In a bowl toss together:
2 cups of almond flour or meal
1 1/2 cups gluten free oats
1 cup brown sugar
1 1/2 T cinnamon
1/8 t nutmeg
1 t each of salt and baking soda
In a small dish, melt 1/4 cup plus 2T coconut oil in the microwave. Pour over the topping and mix together with a fork till kind of clumpy, but mixed through.
Bake in a 350 degree oven for 25 minutes, cover with a piece of tin foil for the next 30 min or so. It’s done when you can see bubbling delicious apple goodness creeping up the sides!
Are you thinking the Wild West? No, I’m talking about the brain. We know so much and yet so little about this vital organ. I seem to be flooded with information lately (two podcasts, a webinar, and an article) so I am taking my cue from the universe (I hear you!) and sharing it. Why? Because our brain health is vital to our health and happiness. What we eat affects our brain and a yoga practice supports it as well.
Dr. Datis Kharrazian, a brilliant guy who happens to focus a lot of his work in my direction (he is an expert in Hashimoto’s Thyroiditis) was recently featured in a webinar I watched on brain health (he’s also the recent author of a new book called, “Why Isn’t My Brain Working?”). I love what he had to say, and I will paraphrase here. He said you can either have “positive plasticity” from positive thoughts, which increases your dopamine and makes you happy more often, or you can have “negative plasticity” from negative thoughts and stress, creating even more cortisol and epinephrine, expanding the black cloud effect of stress. The brain becomes efficient in the stress response (therefore propagating negative thoughts more readily).
What does that mean for you? You’re lucky your brain has positive plasticity because there is a great likelihood you’ll be able to reprogram yourself to being more happy. Yes, really!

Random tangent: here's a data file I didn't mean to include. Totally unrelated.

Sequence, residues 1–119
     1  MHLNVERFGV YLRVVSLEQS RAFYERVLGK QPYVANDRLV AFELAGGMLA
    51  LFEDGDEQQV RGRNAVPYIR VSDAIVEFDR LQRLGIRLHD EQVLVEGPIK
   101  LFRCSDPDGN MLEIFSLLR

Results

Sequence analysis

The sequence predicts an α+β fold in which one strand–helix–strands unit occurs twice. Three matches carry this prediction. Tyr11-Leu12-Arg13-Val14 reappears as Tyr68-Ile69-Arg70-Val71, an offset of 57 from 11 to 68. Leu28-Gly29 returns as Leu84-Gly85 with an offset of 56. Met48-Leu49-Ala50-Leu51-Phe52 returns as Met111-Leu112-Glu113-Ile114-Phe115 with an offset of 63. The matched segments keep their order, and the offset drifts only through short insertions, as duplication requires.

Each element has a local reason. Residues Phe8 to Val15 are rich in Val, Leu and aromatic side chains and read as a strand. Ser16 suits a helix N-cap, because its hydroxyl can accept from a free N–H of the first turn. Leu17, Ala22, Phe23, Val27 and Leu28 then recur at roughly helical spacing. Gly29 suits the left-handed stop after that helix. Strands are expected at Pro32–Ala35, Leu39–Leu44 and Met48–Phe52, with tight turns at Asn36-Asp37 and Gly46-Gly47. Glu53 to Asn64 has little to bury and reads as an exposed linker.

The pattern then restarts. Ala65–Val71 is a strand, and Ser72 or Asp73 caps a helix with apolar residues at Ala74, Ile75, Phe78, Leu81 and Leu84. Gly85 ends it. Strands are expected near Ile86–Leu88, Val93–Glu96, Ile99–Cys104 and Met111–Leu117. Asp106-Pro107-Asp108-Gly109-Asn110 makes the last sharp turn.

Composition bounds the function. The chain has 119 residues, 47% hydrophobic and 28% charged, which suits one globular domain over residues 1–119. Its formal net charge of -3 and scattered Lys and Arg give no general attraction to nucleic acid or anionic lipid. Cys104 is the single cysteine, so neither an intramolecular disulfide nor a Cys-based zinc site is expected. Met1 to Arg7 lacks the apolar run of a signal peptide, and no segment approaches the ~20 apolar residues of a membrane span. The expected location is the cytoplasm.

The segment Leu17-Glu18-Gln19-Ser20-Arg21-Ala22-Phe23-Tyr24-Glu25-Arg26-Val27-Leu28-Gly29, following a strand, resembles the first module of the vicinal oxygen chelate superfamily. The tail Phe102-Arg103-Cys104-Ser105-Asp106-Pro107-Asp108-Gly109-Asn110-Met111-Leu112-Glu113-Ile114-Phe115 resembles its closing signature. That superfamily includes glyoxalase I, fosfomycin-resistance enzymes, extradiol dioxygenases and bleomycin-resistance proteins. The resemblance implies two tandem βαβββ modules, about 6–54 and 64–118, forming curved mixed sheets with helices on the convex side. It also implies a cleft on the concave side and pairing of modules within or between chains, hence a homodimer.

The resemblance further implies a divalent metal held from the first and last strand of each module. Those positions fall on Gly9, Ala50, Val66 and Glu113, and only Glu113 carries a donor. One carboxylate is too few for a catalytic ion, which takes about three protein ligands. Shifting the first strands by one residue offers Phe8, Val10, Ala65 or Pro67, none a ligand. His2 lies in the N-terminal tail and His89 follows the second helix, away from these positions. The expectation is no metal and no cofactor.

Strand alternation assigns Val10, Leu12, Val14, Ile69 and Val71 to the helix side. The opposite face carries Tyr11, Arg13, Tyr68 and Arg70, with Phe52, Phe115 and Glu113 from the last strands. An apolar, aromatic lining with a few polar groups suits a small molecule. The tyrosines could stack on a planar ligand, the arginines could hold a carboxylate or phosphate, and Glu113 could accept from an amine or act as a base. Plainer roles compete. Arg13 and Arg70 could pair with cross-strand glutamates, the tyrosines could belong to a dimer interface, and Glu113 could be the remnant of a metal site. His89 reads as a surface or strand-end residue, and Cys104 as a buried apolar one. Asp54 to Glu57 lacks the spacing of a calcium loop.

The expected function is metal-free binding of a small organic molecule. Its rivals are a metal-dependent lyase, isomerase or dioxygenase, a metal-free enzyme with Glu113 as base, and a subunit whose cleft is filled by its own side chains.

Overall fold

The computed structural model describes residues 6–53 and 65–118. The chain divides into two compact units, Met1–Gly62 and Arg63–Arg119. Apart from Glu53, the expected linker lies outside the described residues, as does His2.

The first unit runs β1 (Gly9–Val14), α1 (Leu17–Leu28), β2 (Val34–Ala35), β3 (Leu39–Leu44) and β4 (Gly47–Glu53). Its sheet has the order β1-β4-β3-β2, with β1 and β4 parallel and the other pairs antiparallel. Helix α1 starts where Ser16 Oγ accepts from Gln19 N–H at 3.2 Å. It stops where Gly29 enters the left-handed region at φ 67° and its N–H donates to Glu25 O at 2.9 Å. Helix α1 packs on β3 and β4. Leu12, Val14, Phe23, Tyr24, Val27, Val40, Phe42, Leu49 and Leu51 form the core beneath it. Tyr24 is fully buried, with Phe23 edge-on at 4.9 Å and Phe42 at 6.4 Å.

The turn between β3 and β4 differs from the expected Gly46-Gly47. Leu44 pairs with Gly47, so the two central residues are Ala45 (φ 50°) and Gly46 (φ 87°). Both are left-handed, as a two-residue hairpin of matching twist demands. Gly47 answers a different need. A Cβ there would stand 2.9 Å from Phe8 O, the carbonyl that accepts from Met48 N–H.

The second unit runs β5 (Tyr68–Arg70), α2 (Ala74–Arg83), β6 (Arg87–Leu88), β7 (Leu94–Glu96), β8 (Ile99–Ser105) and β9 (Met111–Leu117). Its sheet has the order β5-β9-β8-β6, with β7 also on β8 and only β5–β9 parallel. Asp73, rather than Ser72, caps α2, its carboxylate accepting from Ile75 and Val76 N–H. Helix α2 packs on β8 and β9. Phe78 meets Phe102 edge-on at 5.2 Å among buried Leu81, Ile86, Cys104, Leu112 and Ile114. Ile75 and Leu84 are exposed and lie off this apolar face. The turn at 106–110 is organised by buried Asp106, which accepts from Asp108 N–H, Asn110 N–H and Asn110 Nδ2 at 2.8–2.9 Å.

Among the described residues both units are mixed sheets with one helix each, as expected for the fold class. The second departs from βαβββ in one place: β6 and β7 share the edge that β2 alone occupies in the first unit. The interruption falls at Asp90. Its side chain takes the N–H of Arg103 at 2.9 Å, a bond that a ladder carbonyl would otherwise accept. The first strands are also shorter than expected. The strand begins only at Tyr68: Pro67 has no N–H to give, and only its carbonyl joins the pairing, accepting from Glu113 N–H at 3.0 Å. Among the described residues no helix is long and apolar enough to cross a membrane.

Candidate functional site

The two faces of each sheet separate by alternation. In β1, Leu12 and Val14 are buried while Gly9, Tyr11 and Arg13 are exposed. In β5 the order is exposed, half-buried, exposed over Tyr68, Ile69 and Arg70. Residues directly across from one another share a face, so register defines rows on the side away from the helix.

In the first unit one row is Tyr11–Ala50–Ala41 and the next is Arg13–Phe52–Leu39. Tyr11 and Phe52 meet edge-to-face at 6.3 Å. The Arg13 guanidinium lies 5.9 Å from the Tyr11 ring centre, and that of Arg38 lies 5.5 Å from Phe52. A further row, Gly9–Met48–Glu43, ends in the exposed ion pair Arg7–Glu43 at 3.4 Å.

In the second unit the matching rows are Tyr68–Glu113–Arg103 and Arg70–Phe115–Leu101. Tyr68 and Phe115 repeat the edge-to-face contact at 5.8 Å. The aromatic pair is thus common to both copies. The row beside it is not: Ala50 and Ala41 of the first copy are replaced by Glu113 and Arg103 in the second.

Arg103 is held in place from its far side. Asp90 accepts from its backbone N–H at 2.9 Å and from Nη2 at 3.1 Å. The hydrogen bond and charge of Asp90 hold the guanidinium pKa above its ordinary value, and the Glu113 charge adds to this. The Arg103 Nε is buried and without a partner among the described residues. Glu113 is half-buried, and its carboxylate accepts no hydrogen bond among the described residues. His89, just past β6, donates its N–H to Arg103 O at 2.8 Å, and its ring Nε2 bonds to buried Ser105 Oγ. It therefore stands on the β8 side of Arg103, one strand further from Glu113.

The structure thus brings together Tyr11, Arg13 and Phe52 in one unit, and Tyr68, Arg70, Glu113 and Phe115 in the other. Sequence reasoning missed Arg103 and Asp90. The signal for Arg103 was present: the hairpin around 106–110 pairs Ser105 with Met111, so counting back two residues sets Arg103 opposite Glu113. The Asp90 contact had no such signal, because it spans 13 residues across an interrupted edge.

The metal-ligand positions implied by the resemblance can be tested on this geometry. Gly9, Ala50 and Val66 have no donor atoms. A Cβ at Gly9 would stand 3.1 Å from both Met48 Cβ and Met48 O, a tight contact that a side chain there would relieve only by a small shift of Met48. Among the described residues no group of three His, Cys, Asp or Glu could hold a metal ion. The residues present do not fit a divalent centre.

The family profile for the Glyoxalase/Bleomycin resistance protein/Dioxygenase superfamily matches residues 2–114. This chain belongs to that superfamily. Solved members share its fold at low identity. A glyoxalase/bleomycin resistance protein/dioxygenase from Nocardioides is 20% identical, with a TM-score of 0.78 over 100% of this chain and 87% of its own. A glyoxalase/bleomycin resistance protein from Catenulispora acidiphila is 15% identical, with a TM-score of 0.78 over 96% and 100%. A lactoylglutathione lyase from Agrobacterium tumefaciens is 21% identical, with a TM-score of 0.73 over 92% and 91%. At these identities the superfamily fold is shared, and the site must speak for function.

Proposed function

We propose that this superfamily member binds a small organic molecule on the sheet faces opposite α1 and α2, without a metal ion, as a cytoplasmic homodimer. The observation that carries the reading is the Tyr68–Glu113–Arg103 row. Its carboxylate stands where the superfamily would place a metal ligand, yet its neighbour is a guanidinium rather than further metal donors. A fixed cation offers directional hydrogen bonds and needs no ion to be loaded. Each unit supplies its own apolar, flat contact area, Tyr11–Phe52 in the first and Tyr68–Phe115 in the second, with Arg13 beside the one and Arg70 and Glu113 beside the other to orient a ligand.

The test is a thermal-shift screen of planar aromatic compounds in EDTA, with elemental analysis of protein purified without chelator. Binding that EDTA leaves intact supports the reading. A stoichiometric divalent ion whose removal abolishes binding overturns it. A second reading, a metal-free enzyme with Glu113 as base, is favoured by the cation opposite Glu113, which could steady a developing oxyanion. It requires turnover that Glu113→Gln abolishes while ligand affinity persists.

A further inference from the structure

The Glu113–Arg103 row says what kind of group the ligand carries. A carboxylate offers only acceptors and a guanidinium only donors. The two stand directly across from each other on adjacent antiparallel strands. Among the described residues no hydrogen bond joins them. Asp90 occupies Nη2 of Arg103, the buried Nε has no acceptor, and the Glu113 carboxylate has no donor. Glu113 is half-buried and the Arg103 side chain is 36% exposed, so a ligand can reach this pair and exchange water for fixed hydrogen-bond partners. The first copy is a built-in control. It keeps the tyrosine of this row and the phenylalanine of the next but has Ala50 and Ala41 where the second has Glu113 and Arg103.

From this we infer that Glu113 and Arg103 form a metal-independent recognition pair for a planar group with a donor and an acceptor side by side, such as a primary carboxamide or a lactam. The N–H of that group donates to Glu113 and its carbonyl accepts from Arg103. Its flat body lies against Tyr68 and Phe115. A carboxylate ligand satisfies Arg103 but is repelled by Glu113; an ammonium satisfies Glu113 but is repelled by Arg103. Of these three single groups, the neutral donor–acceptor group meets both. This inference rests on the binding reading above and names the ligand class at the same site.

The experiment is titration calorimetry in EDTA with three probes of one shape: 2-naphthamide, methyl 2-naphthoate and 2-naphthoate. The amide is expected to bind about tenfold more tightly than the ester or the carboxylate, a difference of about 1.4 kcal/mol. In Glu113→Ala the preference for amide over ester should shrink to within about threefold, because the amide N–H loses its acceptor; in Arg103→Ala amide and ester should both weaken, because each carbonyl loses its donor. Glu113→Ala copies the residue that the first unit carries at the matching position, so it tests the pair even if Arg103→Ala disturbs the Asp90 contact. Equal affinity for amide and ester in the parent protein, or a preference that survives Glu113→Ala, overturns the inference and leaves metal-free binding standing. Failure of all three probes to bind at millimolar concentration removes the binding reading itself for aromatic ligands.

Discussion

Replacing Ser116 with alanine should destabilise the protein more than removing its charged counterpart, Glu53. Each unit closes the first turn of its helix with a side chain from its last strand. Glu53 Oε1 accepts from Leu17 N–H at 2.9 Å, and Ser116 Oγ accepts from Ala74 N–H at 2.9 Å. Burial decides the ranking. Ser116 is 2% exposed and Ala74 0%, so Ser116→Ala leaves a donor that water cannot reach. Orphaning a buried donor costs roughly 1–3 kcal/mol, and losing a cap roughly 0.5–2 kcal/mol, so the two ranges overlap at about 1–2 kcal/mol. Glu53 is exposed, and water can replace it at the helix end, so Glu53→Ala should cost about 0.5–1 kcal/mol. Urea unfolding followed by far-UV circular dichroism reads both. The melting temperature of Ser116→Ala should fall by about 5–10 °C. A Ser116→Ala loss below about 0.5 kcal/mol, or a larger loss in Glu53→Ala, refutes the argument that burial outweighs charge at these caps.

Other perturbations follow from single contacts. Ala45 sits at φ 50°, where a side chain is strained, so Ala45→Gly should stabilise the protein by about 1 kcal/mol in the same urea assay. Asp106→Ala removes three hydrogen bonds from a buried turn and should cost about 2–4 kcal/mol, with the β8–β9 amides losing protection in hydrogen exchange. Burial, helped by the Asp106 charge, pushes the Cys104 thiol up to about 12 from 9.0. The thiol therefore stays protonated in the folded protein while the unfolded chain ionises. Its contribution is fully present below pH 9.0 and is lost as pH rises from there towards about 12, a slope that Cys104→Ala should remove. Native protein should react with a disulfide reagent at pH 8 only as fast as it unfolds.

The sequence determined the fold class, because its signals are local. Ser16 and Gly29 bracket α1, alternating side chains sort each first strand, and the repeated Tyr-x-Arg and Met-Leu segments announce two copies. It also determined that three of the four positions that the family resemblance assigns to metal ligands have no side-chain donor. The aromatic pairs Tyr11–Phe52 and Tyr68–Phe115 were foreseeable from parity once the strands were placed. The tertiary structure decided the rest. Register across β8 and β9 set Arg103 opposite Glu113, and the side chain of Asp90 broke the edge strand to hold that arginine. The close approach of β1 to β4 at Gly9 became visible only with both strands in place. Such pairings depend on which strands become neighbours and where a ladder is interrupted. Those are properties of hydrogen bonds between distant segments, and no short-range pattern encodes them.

A recent article published by the Kripalu Center noted a Boston University study that found yoga offered “buffering effect on age-related decline” of the brain, and that yogis are better able to cope with novel situations, and engage in abstract thinking. Not to mention better mindfulness. To quote the article, “Researchers believe that yoga offers a combination of physical practice, conscious breathing, and cognitive frameworks (for example, the idea of seeing pain as “sensation,” without labeling it as “good” or “bad”) that allows us to manage and tolerate pain with more ease.”
It is no wonder yoga is starting to be “prescribed” to populations suffering with anxiety, depression, and a host of other afflictions.
Lastly, I listened this morning to a summer episode Abel James’ podcast, The Fat Burning Man. Mark Lugavere, the producer of a documentary called “Bread Head,” was the guest. I found their discussion on Alzheimers and other cognitive decline disorders and the relationship with blood sugar to be fascinating. There is a very strong correlation between the two, even giving Alzheimers the nickname “type 3 diabetes.” So there is a lot of rationale, aside from trimming our waistline, to cut down on the sugar to support our brain.
There are just countless reasons for a diet and lifestyle that include reduced sugar and more mindfulness practices such as yoga. It’s all self-care. Take baby steps, roll out your mat in your bedroom, take a pass on dessert, notice your breath. Connect with yourself, dial into your brain health, and support yourself.